Those enamored of the Kennedy mystique will enjoy this intimate look into the intertwined lives of the Bouvier, Auchincloss, Kennedy, and Radziwill families. Taraborrelli, a prolific author of popular biographies including the best-selling After Camelot, creates a tabloid-style story of money, power, politics, and family—a voyeuristic look into a world of patrician privilege. While Jackie Kennedy Onassis has been the subject of countless chronicles, less is known about details of her relationship with her mother, Janet Auchincloss, and sister Lee Radziwill. This sweeping account traces their relationships over the decades, including familiar events such as the assassination of President John F. Kennedy and obscure ones such as how Jackie's mother shared her "formula for good living" with her daughter. Relying on interviews, oral histories, original documents, and published sources, the author reveals personal details of the lives of these three women: the competitive tension between the sisters; poignant accounts of troubled marriages; and the tangled web that linked Lee, Jackie, and Aristotle Onassis. Readers are also introduced to the "other side of Camelot;" the lives of Jackie's half brother and half sister, for example. VERDICT Engrossing for general readers. Historians may challenge some of the anecdotes and interpretations presented.—Marie M. Mullaney, Caldwell Coll., NJ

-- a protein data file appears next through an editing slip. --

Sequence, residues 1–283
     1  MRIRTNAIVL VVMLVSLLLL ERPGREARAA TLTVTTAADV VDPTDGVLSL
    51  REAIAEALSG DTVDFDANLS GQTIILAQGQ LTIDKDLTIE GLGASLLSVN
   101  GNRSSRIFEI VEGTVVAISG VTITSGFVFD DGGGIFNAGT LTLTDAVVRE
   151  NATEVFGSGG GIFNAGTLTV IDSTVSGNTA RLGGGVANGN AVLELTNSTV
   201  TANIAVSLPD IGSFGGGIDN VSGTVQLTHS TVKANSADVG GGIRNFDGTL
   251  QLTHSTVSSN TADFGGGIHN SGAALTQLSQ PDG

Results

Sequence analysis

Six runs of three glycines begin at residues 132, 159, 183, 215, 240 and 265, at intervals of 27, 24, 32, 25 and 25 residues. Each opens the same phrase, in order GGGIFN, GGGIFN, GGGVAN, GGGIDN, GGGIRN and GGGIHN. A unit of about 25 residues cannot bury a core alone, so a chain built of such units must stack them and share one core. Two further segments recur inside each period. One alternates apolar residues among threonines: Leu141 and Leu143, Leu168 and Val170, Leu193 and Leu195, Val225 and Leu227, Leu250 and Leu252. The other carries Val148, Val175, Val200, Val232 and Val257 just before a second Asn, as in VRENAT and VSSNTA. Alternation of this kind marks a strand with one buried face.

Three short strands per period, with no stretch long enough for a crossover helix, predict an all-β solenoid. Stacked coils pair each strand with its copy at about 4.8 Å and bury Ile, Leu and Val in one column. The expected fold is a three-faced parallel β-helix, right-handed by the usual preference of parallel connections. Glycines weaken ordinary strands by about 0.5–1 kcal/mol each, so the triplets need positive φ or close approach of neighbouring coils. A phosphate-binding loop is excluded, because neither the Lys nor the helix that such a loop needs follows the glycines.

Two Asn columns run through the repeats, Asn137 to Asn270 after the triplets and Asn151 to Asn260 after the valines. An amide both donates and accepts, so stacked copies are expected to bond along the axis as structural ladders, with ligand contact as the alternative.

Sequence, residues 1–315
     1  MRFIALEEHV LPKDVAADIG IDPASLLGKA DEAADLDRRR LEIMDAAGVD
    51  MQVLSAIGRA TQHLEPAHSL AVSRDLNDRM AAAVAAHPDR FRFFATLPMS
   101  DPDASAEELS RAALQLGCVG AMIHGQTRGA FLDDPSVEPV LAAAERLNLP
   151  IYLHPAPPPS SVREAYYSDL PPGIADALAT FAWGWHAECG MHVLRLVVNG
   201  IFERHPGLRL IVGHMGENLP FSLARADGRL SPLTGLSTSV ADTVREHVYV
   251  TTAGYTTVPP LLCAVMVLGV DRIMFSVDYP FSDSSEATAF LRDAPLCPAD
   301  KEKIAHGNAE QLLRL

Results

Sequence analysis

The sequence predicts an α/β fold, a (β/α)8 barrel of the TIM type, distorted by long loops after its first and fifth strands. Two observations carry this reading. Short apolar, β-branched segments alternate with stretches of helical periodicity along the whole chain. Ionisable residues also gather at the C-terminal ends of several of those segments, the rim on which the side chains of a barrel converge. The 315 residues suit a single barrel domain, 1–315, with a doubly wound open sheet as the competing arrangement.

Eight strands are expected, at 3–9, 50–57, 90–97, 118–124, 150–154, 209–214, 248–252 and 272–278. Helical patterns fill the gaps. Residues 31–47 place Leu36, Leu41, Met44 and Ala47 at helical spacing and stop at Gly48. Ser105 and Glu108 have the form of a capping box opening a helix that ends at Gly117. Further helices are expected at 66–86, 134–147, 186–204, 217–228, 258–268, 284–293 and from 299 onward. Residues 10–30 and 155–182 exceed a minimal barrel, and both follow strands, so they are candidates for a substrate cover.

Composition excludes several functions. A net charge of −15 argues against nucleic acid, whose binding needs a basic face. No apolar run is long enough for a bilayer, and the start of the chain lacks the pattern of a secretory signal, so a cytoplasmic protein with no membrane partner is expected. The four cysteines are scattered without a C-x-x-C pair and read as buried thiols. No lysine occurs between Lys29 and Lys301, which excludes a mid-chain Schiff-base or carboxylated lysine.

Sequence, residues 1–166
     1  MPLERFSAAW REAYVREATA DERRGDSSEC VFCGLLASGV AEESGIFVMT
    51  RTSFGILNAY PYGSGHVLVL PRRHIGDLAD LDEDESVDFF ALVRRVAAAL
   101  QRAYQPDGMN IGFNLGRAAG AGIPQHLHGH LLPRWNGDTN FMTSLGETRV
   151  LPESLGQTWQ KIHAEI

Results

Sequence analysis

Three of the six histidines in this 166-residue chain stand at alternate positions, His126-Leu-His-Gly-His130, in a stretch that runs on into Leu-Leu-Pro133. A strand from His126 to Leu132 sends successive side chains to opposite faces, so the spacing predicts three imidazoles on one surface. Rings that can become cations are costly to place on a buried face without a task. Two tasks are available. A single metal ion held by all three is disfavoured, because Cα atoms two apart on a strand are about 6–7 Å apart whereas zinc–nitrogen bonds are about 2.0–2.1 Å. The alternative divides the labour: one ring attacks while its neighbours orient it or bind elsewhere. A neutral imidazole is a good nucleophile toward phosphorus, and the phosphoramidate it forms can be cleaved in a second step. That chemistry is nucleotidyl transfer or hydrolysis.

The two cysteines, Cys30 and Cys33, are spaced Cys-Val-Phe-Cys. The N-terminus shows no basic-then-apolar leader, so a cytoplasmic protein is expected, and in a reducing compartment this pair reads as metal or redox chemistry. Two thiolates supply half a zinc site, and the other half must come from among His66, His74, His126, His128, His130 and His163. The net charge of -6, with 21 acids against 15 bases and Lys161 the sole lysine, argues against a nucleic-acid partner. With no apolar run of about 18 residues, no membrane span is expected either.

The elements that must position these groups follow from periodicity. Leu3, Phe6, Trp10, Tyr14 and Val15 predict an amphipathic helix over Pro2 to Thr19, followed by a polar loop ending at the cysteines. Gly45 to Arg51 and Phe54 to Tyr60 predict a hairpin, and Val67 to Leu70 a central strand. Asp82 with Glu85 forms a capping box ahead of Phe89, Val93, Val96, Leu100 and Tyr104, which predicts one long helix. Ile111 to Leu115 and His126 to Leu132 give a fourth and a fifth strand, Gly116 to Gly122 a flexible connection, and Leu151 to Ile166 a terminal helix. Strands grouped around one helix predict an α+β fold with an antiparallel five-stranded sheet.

The prolific celebrity biographer returns to Camelot, this time to examine some of the women involved in the glamorous proceedings.Taraborrelli (Becoming Beyoncé: The Untold Story, 2015, etc.) tells the story of Janet Lee Bouvier, mother to Jackie and Lee, a woman whose life's work was the acquisition of money and power. Indeed, Janet never let either of her daughters marry without understanding the suitor's finances and connections. After divorcing John Bouvier, Janet married Hugh Auchincloss, a Standard Oil heir with two magnificent estates, one in McLean, Virginia, and the other in Newport, Rhode Island. Once married to Auchincloss, Janet wanted more children, and she was able to bear two more. This is much more the story of Lee and Jackie and their lifelong competition with and devotion to each other. Janet fostered and fed their competition, praising Jackie and criticizing Lee. Even in their games, Jackie was the princess and Lee the handmaiden; everything seemed to come to Jackie easily, while Lee struggled. Throughout their lives, Janet told the girls what to do and how. She even caused the end of Lee's first marriage. Her greatest failure was Aristotle Onassis. Lee was ready to leave her husband, Prince Radziwill, for Onassis but was convinced it would be fatal for John F. Kennedy's re-election, and she backed off. Even after Kennedy was killed, Lee hoped, but then Jackie moved in. Lee stepped aside gracefully, but Janet was furious. Throughout their lives, especially Lee's, Janet vetted every attachment, with demands for settlements and monthly allowances (in the tens of thousands) before marriage. Jackie learned from the master, securing $3 million from Onassis along with at least $30,000 a month. Ultimately, this is a narrative about money and the seemingly unlimited power that goes with it. It's a sad story, but anyone desperately questing for wealth could learn from it.The aura of Camelot lives on in a book for Kennedy completists and those who enjoy tales of the rich and powerful.